CNBC reported, on July 17, 2020, that Amazon had been accused by Hibaq Mohamed, who works out of Amazon’s Shakopee, Minnesota, facility, of retaliating against her for speaking out about its labor practices. Mohamed was written up in early July for violating the company’s time off task (TOT) policies, which track a worker’s productivity and can result in warnings or firings if employees are away from their workstation for too long.
Mohamed has now asked the state’s Attorney General to step in and help correct the issue. Writing in her letter to Attorney General Keith Ellison that she was written up by Amazon on July 10 for spending too much time away from her work station, or logging too many “time off tasks.” Also, in her letter Mohamed wrote that she spent blocks of time during her workday “waiting for a [work] station, making a trip to the bathroom while social distancing, or sanitizing my area.” 
A time off task is when an Amazon worker takes a break from scanning packages for too long, Amazon’s internal systems will log it as a TOT and generate a warning, which can later lead to firings.
Amazon said warehouse workers can spend additional time out of their breaks to use the restroom, wash their hands, take a break, get water or speak to their manager, as needed. The company added that Amazon understands employees might want to take a break from work to sanitize their workstations.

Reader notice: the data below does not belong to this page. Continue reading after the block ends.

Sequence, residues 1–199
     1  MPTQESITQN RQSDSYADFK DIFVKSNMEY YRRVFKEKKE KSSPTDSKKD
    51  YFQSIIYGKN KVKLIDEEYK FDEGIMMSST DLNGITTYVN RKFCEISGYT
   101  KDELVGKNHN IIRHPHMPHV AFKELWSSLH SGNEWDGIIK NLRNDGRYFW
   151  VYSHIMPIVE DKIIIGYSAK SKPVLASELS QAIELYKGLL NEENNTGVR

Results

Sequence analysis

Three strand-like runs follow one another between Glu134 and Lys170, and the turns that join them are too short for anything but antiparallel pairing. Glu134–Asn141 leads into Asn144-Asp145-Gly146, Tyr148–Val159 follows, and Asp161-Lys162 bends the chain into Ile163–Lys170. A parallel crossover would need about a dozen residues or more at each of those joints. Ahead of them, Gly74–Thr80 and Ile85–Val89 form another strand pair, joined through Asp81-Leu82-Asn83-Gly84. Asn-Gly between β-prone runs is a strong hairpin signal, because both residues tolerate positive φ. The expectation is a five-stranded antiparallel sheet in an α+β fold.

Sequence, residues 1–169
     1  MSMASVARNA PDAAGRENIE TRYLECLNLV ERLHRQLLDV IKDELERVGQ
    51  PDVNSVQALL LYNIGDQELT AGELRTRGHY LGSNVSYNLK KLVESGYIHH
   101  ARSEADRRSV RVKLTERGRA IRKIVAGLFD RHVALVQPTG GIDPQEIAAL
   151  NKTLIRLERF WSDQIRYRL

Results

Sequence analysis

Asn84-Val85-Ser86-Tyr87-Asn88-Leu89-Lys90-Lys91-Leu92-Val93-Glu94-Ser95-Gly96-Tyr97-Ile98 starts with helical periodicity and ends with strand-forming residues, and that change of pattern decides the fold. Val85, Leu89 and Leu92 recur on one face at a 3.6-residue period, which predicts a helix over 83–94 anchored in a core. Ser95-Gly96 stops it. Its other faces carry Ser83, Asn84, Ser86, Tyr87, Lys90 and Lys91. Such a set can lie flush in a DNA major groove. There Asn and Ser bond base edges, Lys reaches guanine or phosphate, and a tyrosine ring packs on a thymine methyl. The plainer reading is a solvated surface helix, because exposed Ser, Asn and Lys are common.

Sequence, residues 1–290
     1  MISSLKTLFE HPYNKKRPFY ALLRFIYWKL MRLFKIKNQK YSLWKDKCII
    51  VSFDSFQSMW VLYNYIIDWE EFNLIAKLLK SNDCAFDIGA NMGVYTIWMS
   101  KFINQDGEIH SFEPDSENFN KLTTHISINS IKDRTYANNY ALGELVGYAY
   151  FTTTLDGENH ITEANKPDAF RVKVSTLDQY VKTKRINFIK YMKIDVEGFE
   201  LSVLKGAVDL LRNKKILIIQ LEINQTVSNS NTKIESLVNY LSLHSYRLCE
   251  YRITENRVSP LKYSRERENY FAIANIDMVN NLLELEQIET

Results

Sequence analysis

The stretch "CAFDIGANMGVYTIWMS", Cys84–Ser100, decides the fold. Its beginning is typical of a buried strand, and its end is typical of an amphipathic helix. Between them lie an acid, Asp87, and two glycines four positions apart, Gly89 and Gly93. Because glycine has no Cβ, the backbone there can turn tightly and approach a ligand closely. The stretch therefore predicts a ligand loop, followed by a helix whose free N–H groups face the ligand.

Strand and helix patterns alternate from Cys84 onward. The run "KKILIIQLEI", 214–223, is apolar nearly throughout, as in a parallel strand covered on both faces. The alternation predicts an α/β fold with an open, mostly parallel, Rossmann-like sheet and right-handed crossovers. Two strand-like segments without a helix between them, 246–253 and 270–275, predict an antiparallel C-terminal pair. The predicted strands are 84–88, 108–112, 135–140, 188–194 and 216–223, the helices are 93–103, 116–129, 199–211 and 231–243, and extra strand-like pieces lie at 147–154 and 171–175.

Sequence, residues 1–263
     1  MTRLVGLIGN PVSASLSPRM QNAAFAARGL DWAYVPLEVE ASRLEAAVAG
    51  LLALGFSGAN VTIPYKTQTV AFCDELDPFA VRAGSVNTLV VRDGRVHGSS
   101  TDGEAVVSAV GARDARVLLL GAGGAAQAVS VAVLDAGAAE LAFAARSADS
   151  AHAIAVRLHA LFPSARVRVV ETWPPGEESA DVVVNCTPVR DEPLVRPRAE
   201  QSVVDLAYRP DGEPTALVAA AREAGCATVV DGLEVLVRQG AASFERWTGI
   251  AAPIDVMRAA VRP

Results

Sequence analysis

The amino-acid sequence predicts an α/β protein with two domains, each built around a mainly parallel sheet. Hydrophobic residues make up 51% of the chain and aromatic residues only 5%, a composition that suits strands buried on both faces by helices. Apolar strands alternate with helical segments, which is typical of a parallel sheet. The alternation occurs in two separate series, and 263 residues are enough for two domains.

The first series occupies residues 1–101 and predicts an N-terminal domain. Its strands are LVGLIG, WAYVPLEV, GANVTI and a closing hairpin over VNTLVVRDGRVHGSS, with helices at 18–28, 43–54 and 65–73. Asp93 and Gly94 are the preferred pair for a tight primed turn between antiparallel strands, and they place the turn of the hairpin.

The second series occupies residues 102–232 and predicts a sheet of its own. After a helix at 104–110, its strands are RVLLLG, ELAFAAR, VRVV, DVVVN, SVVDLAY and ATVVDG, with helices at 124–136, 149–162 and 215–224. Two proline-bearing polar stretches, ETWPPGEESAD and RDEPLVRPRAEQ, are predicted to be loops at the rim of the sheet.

Although, Amazon said it no longer penalizes warehouse workers who take extra time to wash their hands, saying it wouldn’t be counted against them under the TOT policy. The workers who filed a lawsuit against Amazon said they were only informed that week of the updated policy.
Despite this, Mohamed claims Amazon wrote her up for violating the TOT policy in early July. Amazon did not immediately offer an explanation for the apparent discrepancy. Alexsis Stephens, Amazon’s director of human resources for fulfillment centers, said in a declaration submitted by Amazon “In response to Covid-19, beginning on March 18, 2020, Amazon ceased providing productivity rate feedback to associates and imposing any discipline related to low productivity rates. On April 29, this policy was extended indefinitely.”
Mohamed said in an interview that the TOT policy discourages workers from taking necessary safety precautions because they remain fearful that they’ll be disciplined.
For example, “If a worker is wearing a mask and a string comes off, you can’t go and get another because you’re putting yourself at risk of violating TOT policy,” Mohamed said. “It seems like they’re handing warnings and write-ups out left and right. No matter what situation you choose, you’re always at risk.”
The lawsuit and Mohamed’s complaint highlight the inconsistencies in Amazon’s enforcement of their policies, said Frank Kearl, a staff attorney with Make the Road New York.
“Amazon says these policies have been in place since March, but they will only be effective at empowering workers to take care of their health while working if workers actually know about them,” Kearl said.
Amazon has previously faced allegations that it retaliated against workers for speaking out, which it has repeatedly denied.
The company has fired at least four workers who criticized its labor practices, although Amazon says the workers were fired for violating internal policies. Amazon’s actions generated rebuke from lawmakers and spawned an investigation into the firings by New York Attorney General Letitia James, which is still ongoing.
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